Use the beer. Relax.

Lesson 3
Now that you’re getting the hang of it, try finding your way back to a wider ange of times. Use the beer. Close your eyes and

bitter, the quiz is going well and I’ve just been bought a pint, no time to drink it though

mild, I’m 22 and there’s a ploughman’s with Stilton in front of me

black-and-tan, it’s nearly midnight but the music’s going strong

And you’re back. Relax. Use the beer.

Lesson 4
Use the beer.

Lesson 4 is for advanced travellers only. You have been warned!

Use the beer.

Don’t rush it; use the beer and relax. You’ll know it when you find it.

Lesson 4 is about the ultimate form of travel: travel within time. At a certain moment – you’ll know it when you reach it – the anchor points stop mattering. All that matters is this moment: this moment that’s perpetually coming into being and perpetually fading into nothing. With enough beer you can surf the wave of the present moment: you can feel the passage of time. All you need to do is relax and let yourself be in that moment.

And use the beer.

Never mind the weather

Name this beer! (No, they haven’t named it already.)

Yes, I’m still here. I’ve been working on one very long post for the last few nights – it’ll be great when it’s finished. I’m also planning to enter Zak’s competition – but you can’t see that one till it’s finished either.

In the mean time, here’s another compy you might want to have a crack at, also closing on Friday. This also marks a personal milestone: after the first beer I’ve been sent to review, here’s my first press release. (On reflection the beer was more fun.) You don’t get any of this stuff out in the general-purpose blogosphere, I tell you.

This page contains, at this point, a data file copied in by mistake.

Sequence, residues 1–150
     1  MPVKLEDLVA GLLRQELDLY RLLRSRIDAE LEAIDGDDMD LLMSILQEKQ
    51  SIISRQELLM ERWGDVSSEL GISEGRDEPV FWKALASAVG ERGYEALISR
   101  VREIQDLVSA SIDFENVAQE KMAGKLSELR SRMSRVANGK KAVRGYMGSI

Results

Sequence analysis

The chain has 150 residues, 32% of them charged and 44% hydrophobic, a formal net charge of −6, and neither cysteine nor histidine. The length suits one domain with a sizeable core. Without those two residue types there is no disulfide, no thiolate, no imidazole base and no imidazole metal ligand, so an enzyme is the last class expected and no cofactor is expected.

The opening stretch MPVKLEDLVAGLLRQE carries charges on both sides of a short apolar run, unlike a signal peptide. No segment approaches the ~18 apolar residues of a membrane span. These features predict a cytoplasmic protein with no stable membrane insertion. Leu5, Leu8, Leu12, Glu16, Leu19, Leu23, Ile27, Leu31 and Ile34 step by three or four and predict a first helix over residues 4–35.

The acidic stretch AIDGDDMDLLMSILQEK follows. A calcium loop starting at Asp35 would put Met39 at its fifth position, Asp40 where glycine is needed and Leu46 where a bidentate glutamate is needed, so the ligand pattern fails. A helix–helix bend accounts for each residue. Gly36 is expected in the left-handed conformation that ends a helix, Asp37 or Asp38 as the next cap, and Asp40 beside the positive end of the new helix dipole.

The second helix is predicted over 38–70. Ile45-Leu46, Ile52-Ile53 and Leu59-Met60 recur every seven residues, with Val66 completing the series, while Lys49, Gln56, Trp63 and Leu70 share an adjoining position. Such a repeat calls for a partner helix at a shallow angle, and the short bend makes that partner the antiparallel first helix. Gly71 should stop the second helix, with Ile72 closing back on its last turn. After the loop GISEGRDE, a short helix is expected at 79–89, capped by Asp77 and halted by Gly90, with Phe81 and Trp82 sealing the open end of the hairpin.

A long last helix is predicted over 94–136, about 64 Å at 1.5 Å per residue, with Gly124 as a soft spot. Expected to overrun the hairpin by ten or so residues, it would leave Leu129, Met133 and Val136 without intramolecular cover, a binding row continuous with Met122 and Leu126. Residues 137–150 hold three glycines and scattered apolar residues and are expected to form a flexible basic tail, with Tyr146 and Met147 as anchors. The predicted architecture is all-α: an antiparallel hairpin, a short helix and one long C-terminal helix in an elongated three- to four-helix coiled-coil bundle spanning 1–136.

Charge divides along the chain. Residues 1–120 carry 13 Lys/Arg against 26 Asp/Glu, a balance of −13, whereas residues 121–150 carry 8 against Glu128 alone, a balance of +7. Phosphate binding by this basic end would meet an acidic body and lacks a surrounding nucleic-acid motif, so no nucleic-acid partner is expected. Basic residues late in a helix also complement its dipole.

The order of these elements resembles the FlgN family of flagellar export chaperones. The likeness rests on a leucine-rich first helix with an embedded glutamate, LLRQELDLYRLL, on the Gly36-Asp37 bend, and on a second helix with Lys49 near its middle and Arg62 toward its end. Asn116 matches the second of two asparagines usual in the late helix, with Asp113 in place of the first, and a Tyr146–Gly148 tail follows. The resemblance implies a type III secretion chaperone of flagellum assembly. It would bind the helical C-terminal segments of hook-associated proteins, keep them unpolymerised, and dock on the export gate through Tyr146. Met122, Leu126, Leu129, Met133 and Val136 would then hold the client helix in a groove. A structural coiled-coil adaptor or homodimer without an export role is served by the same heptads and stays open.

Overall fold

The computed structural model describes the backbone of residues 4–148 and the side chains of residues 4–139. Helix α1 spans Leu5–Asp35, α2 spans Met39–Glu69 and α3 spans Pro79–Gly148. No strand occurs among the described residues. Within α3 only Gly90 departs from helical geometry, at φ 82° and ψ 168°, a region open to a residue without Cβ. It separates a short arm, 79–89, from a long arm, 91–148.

Butlins is launching a premium real ale as part of its 75th birthday celebrations and is challenging the nation to brew up an appropriate name for the beer.

The birthday beer will be produced by world famous brewery Marston’s in the home of British Brewing, Burton-on-Trent, and will be available in bottles and on draft [sic] at the three Butlins beachside resorts.

Said Butlins MD Richard Bates: “Whoever names our beer will become part of Butlins history, because both their name and the beer’s name will appear on the label together.
And who better to bottle our heritage, than the Great British public!”

The Butlins Beer is a premium English pale ale, described by the brewers as “golden, zesty and hoppy”.

The winner will pull the first pint at a celebratory event at Butlins, be treated to a VIP break on resort – and also enjoy a VIP visit to The Marston’s Brewery, known as ‘the Cathedral of Brewing’, to witness the creation of their new brew.

Visit www. butlins. com/ beer for more information or email your name suggestion to realale @ by 26 November 2010, providing your full name, age, address and telephone number.

So there you go.